• “It’s PMS.”

And it can also be done covertly: sometimes people will listen to the things that you tell them and then, in their mind, they will change the story to better fit their own perception of reality. You won’t realize that they did this, usually, until a few days later in a different conversation when they bring up what you said. Ever felt like someone “twisted” your words? Usually it’s because what you said was inconvenient for them on some level. It provoked them to step outside of their ego and actually take action to address whatever you were telling them or to at least acknowledge it. Emotionally immature people are uncomfortable doing that. Sometimes they’ll get defensive instead and gaslight the situation, saying that an event itself happened differently than the way it actually did. Usually that’s because the way it happened looks bad on them. This is also a very common reason why people lie.

Invalidation is, by it’s very nature, a form of emotional abuse. It is wrong, period. Nobody should ever question the validity of another person’s reality or emotions, and they especially shouldn’t use manipulative tactics to cope with it. The only purpose this serves is to help the person avoid taking responsibility for their own shitty behaviour or avoid addressing something.

But for me, invalidation stabs at a very deep wound. I find it infuriating. Obviously my childhood played a huge role in that but I think that most of this anger really stems from simply knowing the meaning behind it: when you invalidate someone, it is because you are assuming that their feelings are irrelevant, inferior to your own, unimportant, or incorrect. You are telling them that their reality is wrong and yours is right. The problem with that is: it can NEVER be the case that one person’s feelings are more valid than another’s. We’ve all had different life experiences which have shaped our unique brains and thus perspectives. Who are you to say that yours is the only right one? Invalidating others is a behaviour that operates on an incorrect premise and only serves to silence a person when their feelings are inconvenient for you. It’s this principle that makes invalidation bother me more than anything. It’s simply wrong.

And even if you disagree with a person’s logic you should never invalidate their emotional experiences. Validation has absolutely nothing to do with agreeing. Let me repeat that:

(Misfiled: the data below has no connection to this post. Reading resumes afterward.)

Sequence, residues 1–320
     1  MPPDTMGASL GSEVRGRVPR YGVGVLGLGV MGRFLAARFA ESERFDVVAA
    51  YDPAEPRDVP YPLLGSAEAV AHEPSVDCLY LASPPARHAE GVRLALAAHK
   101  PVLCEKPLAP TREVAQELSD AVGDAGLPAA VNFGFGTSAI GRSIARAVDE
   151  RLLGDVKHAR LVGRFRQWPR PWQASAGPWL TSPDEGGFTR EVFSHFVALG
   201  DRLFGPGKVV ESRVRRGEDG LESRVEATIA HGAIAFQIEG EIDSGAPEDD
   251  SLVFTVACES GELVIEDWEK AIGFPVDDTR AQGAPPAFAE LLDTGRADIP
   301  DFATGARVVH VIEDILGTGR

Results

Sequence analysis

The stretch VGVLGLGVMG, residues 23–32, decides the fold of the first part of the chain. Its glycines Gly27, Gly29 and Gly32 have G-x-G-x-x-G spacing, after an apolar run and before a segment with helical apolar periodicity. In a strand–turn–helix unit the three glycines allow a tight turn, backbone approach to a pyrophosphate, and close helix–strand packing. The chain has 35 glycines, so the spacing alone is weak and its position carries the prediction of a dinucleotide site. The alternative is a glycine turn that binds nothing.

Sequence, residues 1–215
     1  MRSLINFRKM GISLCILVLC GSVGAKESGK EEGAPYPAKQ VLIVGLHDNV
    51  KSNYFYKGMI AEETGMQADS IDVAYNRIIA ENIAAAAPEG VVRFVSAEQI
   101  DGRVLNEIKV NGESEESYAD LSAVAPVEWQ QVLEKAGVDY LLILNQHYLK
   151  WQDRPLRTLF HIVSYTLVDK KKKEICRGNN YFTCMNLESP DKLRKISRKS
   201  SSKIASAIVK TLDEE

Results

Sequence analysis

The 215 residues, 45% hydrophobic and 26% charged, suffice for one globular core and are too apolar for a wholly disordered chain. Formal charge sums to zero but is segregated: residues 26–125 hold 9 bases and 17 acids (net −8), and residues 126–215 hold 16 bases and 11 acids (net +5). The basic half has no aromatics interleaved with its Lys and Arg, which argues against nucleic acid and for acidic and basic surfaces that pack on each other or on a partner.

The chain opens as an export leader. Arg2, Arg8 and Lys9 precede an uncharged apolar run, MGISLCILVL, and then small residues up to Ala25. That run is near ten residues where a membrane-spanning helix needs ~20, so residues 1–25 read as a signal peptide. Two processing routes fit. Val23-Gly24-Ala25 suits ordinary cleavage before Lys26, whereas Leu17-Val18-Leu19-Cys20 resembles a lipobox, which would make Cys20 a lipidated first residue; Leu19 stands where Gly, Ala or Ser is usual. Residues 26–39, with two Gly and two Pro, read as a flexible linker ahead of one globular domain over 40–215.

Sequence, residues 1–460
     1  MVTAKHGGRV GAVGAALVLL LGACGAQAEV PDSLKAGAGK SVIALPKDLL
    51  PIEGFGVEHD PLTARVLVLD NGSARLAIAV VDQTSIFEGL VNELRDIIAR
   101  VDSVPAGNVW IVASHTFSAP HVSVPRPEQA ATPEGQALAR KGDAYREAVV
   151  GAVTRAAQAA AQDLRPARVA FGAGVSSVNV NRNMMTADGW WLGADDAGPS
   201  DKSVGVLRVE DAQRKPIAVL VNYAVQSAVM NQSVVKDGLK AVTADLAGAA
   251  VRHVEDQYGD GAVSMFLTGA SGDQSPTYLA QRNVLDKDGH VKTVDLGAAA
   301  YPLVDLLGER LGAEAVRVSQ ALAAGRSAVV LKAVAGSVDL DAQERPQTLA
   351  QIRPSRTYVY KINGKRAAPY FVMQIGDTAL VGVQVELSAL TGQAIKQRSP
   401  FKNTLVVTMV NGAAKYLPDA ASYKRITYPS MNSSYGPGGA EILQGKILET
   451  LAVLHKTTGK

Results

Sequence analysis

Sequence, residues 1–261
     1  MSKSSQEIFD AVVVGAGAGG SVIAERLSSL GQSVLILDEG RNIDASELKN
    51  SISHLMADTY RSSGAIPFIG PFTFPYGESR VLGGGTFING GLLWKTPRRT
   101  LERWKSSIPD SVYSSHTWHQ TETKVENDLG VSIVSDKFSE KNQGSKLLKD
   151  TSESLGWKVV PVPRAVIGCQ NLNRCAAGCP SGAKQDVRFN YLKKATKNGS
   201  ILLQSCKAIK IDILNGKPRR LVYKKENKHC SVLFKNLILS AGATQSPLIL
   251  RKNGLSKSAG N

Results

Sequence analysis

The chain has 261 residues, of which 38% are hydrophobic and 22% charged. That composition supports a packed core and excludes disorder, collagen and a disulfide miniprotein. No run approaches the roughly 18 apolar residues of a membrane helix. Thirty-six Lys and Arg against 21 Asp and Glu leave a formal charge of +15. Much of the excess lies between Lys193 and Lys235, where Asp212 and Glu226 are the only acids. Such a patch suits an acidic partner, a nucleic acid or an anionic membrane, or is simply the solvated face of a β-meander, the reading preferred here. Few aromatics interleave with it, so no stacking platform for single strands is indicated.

Validation ≠ Agreeing

For the sake of this article I am using “validation” and “emotional validation” synonymously but we are talking about EMOTIONAL VALIDATION here. Obviously I’m not saying that we should accept EVERYTHING that others tell us as the truth! To save us all some time and make sure we’re on the same page, here is an excellent definition:

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Unfortunately men invalidate women a lot. An evolutionary theory suggests that this is related to being “nagged” at by their mothers and now they naturally tune out the voices of women. Other theories look how men are socialized, essentially positing that men have learned to invalidate the feelings and realities of others because they were repeatedly taught to do so as children. Invalidating phrases like “it’s not such a big deal,” “man up,” and “men aren’t supposed to cry” are indeed linked to a dampening of the development of empathy in men (Lawrence et al., 2004). It’s why men are more likely than women to have narcissistic personality traits and be diagnosed with narcissistic personality disorder (Grijalva et al., 2015). Some refer to this gender difference as “toxic masculinity.” Whatever you want to call it, it sucks. I personally remember being in relationships where my partners didn’t listen to the things that I had to say, who told me that my feelings were exaggerated or wrong or in some way, and who even laughed at me when I cried.

So should I release my need for validation because it gives others power to influence how I feel? Should validation only come from within? Is this an issue that I need to heal within myself?

The answer I’ve come to is no. Absolutely not – quite the contrary in fact. It’s the people with narcissistic tendencies who need to accept the fact that everyone should be validated emotionally, otherwise it’s abuse. And you can’t just “release” or “get over” a fundamental need. I’ll say this a million times: all human beings have a need for belonging so we do need other people. That means we need to learn how to live with each other rather than pretending that we are completely “strong and independent” and then wondering why we have relationship problems. That means we need validation. And for our own good we need to relearn empathy if our socialization has taught us to forget it.

This is a core reason why many people spend hundreds and thousands of dollars at therapy, whether or not they realize it. They are seeking emotional validation. Why? Because we live in a narcissistic society where our friends, family, and lovers think that we shouldn’t need it. Because thinking that way makes their lives easier. But we do need it. And they need it too, whether or not they are mature enough to admit it. This is why therapists and counsellors are professionally trained to validate. It’s also a major factor in the efficacy of psychological therapy as a general practice. Being asked “and how did that make you feel?” followed by a nonjudgemental response is actually HUGE.